This week, Dr. Marlena Mattingly, an ob-gyn with Beaufort Memorial Obstetrics & Gynecology Specialists, discusses chronic fatique in women.
Question: Quite a few of my friends complain of fatigue or feeling run down. Are hormones to blame? What causes this and why does it seem to happen to women at certain times and throughout our lives?
Answer: Yes. And the culprit could be one of several different hormones our endocrine glands produce to control most of our major bodily functions. Even a slight imbalance in any of these very powerful chemicals can have considerable effects on the body.
One of the most likely suspects is your thyroid hormone. When a patient complains of chronic fatigue, a thyroid screening is the first test I order.
If the thyroid gland isn’t churning out enough hormones, a condition called hypothyroidism, your metabolism starts slowing down. You may notice your skin is drier, you’re gaining weight and you don’t have the energy you used to have.
Your doctor can treat your hypothyroidism with a synthetic thyroid hormone. The oral medication restores your hormone level, reversing the symptoms.
Ironically, an overactive thyroid gland, known as hyperthyroidism, also can cause you to feel lethargic. Too much thyroid hormone raises your blood calcium level, often resulting in reduced energy. Depending on your age, physical condition and the underlying cause of your hyperthyroidism, treatment for this condition can include radioactive iodine, anti-thyroid medications, beta blockers or surgery.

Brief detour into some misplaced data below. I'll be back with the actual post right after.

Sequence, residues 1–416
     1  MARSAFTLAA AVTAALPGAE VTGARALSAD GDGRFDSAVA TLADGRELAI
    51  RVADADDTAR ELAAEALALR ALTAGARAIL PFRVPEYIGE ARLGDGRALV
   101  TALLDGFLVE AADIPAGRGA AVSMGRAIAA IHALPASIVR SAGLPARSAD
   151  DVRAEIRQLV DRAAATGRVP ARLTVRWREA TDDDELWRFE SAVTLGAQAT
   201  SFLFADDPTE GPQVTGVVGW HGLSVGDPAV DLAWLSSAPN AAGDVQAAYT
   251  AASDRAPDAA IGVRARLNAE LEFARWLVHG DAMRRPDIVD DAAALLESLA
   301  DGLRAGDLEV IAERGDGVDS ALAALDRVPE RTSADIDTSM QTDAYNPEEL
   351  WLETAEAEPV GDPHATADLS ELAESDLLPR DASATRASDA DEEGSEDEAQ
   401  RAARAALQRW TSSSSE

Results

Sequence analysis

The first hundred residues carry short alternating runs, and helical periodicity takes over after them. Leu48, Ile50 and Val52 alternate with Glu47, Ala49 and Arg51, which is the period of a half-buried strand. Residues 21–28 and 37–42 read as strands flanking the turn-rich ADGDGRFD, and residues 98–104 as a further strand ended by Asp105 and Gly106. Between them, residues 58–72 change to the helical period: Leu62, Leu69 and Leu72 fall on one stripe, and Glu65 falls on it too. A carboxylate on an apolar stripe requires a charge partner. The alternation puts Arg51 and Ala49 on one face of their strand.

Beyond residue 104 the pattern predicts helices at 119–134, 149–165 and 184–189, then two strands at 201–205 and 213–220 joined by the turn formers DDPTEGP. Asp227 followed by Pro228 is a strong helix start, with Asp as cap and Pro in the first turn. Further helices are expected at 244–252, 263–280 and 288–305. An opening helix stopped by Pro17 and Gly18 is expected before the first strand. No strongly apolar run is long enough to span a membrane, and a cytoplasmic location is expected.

Hormonal changes related to the menstrual cycle also can cause some women to feel depleted of energy and too tired to do anything but languish on the couch. They may be able to reduce the symptoms of PMS with a few lifestyle changes. Regular daily exercise, for example, can improve overall health and increase your energy level.
The menstrual cycle can cause another fatigue-producing side effect: anemia. Women in their childbearing years are particularly susceptible to iron-deficiency anemia because of heavy periods and the increased blood supply demands during pregnancy.
Unfortunately, women are not out of the woods when they stop having periods. Menopause also can cause fatigue, along with all those other frustrating symptoms like hot flashes and night sweats. During the “change of life,” estrogen and progesterone levels are drastically decreased, disturbing your sleep cycle, which can lead to fatigue.
While a hormonal imbalance could be zapping your energy, languor may not be a medical issue at all. It may be our 21st century lifestyle that’s to blame.
Women who are working a full-time job, taking care of kids and maintaining a household, are bound to be exhausted. Making matters worse, you’re stressed from trying to do too much and not getting enough sleep.
If you fall into that category, I have a few suggestions:
▪ Set priorities and don’t sweat the small stuff.
▪ Find time to exercise. It’s a great stress-reliever and energizer.
▪ Eat a nutritious diet with lots of fruits and vegetables.
▪ End your day doing something that will help you relax. Read a book, meditate or simply sit quietly away from your cell phone, laptop and TV.